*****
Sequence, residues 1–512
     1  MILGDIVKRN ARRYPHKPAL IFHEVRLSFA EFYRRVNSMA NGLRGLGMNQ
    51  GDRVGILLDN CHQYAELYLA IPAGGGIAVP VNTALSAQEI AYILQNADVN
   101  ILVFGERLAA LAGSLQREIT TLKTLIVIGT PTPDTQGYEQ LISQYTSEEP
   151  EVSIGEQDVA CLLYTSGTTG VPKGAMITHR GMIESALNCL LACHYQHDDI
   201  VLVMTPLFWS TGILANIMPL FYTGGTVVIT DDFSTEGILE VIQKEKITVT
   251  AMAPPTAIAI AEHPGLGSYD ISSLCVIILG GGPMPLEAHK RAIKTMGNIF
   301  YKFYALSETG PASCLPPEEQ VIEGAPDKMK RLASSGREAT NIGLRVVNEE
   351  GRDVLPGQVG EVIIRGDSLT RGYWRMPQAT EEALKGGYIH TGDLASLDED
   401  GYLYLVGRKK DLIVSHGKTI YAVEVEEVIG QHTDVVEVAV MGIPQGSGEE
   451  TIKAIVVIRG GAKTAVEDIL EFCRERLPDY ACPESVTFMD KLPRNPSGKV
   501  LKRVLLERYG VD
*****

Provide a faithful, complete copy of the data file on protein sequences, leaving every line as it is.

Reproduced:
Sequence, residues 1–512
     1  MILGDIVKRN ARRYPHKPAL IFHEVRLSFA EFYRRVNSMA NGLRGLGMNQ
    51  GDRVGILLDN CHQYAELYLA IPAGGGIAVP VNTALSAQEI AYILQNADVN
   101  ILVFGERLAA LAGSLQREIT TLKTLIVIGT PTPDTQGYEQ LISQYTSEEP
   151  EVSIGEQDVA CLLYTSGTTG VPKGAMITHR GMIESALNCL LACHYQHDDI
   201  VLVMTPLFWS TGILANIMPL FYTGGTVVIT DDFSTEGILE VIQKEKITVT
   251  AMAPPTAIAI AEHPGLGSYD ISSLCVIILG GGPMPLEAHK RAIKTMGNIF
   301  YKFYALSETG PASCLPPEEQ VIEGAPDKMK RLASSGREAT NIGLRVVNEE
   351  GRDVLPGQVG EVIIRGDSLT RGYWRMPQAT EEALKGGYIH TGDLASLDED
   401  GYLYLVGRKK DLIVSHGKTI YAVEVEEVIG QHTDVVEVAV MGIPQGSGEE
   451  TIKAIVVIRG GAKTAVEDIL EFCRERLPDY ACPESVTFMD KLPRNPSGKV
   501  LKRVLLERYG VD